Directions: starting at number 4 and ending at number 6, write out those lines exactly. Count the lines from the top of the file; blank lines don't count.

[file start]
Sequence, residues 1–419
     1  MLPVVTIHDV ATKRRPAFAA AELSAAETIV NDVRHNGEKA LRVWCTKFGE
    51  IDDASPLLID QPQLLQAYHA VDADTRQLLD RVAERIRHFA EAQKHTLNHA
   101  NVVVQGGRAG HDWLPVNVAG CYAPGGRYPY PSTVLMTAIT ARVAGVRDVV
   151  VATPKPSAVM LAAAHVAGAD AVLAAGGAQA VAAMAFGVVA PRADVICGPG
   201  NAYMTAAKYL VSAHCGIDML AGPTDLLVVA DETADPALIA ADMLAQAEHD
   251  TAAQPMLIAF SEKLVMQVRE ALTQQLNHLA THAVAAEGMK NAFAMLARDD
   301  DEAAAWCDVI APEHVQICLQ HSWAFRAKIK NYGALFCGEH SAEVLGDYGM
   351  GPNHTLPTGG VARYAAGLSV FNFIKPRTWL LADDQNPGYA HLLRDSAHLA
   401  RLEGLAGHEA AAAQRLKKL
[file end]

   101  NVVVQGGRAG HDWLPVNVAG CYAPGGRYPY PSTVLMTAIT ARVAGVRDVV
   151  VATPKPSAVM LAAAHVAGAD AVLAAGGAQA VAAMAFGVVA PRADVICGPG
   201  NAYMTAAKYL VSAHCGIDML AGPTDLLVVA DETADPALIA ADMLAQAEHD